The jacket!

Melania Trump jacket



Thursday of last week we were pulling into the central Alberta city of Red Deer to participate in a convention that I’d been preparing for since early April when I received a message from one of our daughters-in-law alerting me to Melania Trump’s latest fashion faux pas. My post for the following morning was already ready to publish and there was no time to write a new one. Though the furor has died down and I’m a week late, I still can’t help commenting.

When we lived in Japan, it wasn’t unusual to see someone wearing a t-shirt, sweatshirt, or jacket bearing a message written in garbled English. Sometimes those messages made absolutely no sense and sometimes they were extremely vulgar. The one that stands out most strongly in my memory was a young teenage girl wearing a t-shirt with PEDOPHILE BAIT boldly blazoned across her chest. Surely neither she nor her parents knew what that message meant. In fact, most of the Japanese who wear these garments have no idea what they mean. It’s simply popular to wear English.

I wish I could believe that Melania Trump didn’t know exactly what I DON’T REALLY CARE. DO U?  meant! I don’t believe in putting other women down for what they choose to wear, but Melania is a public figure whose conduct and choices have an impact far beyond herself. The message on her jacket would be completely inappropriate for the first lady of any country anytime, but it was made even worse by the fact that she was on her way to visit a few of the more than 2000 immigrant children wrested from their parents’ arms at the Mexico/US border and being held in various shelters around the country.

What was she thinking? What could possibly have possessed her when she got dressed that morning? And where were her advisors? She knew that her surprise visit to the border would attract plenty of media attention. If the intent of her trip was to demonstrate her care for the children who have been separated from their imprisoned parents, the message on her jacket seemed completely contradictory. Or was this a carefully thought out plan by Melania herself or someone behind the scenes to deflect attention away from the humanitarian crisis itself?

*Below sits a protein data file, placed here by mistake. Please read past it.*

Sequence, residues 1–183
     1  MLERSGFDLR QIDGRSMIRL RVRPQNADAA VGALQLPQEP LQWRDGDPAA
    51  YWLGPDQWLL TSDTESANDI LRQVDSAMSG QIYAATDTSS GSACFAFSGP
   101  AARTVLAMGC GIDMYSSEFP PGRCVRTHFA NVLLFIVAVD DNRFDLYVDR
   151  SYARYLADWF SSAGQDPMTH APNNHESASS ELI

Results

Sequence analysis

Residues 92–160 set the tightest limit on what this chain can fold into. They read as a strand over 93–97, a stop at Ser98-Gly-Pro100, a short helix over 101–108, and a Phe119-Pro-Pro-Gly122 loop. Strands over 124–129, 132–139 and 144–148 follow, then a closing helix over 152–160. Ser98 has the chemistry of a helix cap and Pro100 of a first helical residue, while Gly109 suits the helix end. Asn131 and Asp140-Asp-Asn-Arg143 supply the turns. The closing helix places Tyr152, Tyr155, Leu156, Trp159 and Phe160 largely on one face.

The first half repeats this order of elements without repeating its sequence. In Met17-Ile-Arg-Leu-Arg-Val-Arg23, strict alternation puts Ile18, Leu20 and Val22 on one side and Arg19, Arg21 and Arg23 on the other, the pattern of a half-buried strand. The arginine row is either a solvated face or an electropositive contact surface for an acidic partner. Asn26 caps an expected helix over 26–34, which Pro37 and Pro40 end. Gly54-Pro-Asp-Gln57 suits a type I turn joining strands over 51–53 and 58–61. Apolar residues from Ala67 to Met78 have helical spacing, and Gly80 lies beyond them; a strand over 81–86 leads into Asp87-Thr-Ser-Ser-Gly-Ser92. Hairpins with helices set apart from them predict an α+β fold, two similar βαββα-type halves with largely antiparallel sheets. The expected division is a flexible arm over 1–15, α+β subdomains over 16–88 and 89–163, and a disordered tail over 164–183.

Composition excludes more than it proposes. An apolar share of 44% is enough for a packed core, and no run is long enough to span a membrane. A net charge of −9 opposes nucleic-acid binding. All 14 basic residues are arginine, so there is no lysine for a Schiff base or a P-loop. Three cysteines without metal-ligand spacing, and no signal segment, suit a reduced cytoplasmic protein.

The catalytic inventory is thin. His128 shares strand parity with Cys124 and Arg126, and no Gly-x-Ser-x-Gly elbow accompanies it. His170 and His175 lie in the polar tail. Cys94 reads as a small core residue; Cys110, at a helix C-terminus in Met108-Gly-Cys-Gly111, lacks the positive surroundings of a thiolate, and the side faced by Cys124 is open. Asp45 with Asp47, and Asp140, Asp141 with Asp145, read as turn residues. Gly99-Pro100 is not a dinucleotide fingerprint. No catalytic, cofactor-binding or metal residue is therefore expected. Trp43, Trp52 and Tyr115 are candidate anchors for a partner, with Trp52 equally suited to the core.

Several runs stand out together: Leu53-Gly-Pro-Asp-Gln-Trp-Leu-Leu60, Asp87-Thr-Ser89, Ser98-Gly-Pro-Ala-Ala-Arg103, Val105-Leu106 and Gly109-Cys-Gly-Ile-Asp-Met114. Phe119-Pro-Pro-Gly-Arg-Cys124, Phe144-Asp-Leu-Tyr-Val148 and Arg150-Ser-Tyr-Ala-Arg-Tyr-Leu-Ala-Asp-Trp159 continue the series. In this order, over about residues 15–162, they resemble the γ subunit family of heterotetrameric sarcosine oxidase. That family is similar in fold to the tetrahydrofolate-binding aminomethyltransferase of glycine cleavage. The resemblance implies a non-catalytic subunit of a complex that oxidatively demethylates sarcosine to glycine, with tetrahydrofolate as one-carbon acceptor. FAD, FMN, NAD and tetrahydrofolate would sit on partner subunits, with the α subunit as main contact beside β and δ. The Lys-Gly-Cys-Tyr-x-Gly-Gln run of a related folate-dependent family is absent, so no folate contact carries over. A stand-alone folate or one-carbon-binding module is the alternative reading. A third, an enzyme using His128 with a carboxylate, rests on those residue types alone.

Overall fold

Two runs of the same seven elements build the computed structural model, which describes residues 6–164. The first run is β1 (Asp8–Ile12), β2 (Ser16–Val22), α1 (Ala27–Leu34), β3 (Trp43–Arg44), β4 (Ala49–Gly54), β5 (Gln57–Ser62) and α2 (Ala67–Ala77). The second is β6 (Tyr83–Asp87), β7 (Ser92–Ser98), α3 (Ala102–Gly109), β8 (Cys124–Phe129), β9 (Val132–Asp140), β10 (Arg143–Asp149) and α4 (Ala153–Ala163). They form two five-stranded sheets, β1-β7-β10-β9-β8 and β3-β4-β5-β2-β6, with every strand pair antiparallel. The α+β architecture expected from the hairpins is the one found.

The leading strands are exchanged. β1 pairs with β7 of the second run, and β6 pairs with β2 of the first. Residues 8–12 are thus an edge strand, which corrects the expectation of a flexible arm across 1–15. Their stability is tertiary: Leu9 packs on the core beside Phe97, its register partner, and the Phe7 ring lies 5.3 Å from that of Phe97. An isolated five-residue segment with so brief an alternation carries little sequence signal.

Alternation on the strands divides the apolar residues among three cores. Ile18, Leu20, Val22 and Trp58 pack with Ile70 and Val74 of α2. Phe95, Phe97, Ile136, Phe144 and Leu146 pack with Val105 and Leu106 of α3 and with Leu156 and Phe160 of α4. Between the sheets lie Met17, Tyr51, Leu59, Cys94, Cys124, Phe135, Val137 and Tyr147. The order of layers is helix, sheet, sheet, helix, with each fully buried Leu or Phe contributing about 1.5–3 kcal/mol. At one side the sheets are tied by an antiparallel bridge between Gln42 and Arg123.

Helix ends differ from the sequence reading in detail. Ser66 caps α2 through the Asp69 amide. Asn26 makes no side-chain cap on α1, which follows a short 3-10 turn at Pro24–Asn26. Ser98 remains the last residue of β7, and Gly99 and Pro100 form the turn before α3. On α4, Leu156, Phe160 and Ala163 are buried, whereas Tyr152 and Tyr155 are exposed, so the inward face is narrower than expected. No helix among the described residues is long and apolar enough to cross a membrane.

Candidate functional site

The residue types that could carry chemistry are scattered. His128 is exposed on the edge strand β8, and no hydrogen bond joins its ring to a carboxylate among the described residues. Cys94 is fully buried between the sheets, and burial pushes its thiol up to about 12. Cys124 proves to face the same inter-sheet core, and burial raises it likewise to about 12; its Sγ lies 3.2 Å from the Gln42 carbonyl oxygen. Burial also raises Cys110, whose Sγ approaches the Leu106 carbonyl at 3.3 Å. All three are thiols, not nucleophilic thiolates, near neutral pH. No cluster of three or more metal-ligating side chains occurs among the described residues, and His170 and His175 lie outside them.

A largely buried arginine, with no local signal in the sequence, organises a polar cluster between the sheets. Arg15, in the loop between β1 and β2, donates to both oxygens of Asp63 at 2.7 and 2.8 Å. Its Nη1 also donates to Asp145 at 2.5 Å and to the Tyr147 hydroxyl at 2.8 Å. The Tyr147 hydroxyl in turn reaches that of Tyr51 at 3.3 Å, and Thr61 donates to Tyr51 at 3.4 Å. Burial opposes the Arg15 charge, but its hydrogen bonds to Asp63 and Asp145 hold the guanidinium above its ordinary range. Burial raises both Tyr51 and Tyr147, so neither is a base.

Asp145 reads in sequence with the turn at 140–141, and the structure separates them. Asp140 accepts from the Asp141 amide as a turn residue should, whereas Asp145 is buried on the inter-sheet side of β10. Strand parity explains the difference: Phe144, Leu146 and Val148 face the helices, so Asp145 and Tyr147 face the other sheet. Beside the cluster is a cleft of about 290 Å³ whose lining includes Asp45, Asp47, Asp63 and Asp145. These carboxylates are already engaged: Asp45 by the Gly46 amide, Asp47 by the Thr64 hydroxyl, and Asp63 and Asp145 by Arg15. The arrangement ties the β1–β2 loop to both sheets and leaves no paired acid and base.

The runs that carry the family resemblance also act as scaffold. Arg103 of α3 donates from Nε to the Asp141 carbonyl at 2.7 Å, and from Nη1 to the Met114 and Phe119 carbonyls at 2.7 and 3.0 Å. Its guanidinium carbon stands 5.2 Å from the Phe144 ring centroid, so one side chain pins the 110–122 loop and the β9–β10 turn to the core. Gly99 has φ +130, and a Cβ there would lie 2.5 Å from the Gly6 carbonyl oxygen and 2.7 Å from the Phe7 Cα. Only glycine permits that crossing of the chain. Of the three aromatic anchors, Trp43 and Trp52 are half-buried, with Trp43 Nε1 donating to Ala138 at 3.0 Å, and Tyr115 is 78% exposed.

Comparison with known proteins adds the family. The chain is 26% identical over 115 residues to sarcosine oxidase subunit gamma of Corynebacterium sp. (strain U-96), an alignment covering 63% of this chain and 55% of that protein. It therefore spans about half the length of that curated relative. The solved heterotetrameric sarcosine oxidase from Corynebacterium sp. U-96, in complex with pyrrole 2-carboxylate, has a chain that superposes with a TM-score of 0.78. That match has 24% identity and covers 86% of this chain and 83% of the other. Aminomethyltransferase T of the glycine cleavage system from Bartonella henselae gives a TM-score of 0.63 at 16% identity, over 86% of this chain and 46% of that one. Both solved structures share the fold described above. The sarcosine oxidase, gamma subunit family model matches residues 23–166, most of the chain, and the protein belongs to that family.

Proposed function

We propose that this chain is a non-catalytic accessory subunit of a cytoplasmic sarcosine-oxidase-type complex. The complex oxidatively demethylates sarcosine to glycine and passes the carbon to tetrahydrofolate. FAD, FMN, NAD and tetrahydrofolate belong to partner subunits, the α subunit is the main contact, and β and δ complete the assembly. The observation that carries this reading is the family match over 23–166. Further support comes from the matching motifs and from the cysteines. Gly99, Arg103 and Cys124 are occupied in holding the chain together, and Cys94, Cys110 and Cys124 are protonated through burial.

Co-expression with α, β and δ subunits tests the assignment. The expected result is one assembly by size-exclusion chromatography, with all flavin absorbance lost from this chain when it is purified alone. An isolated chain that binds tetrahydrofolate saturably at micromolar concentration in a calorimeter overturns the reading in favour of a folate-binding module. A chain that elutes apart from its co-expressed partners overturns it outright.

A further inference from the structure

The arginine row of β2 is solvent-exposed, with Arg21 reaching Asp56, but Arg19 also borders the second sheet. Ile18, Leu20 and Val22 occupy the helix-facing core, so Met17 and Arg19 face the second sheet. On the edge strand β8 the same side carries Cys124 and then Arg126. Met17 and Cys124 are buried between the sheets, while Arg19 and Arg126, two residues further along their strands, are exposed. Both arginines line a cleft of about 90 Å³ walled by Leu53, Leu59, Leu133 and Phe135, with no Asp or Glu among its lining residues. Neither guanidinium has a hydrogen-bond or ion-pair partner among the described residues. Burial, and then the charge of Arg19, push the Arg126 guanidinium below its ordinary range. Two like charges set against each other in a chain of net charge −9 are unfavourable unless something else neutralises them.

The president weighed in later in the day defending his wife’s choice of jacket by tweeting, “I REALLY DON’T CARE, DO U?” written on the back of Melania’s jacket, refers to the Fake News Media. Melania has learned how dishonest they are, and she truly no longer cares!” Sadly, his message made no more sense than the one on the back of her jacket and it contradicted Melania’s spokesperson, Stephanie Grisham, who said, “It’s a jacket. There was no hidden message.”

So why did she pick that particular jacket to wear? Melaina Trump has been carefully crafting her public image for decades. I can’t believe that she simply grabbed any old jacket without thinking about how it might be interpreted. She has lots of jackets and I believe that she chose this one very deliberately. I can only assume that she wanted it to send a message, but to who? And why? We can only speculate.

This isn’t the first time I’ve had something to say about one of Melania’s jackets. First there was the $51 000 Dolce & Gabbana that she wore when she arrived in Sicily last year, but my indignation over that one pales in comparison to this $39 one from Zara!

Melania Trump jacket


Living a life of significance

I think it’s safe to say that most people yearn for significance. Perhaps when we’re young, we’re too busy to think about what that means or to wonder if what we’re doing will have lasting significance, but those of us in the second half of life, especially those who have entered their retirement years, may struggle with finding purpose or significance in their daily lives.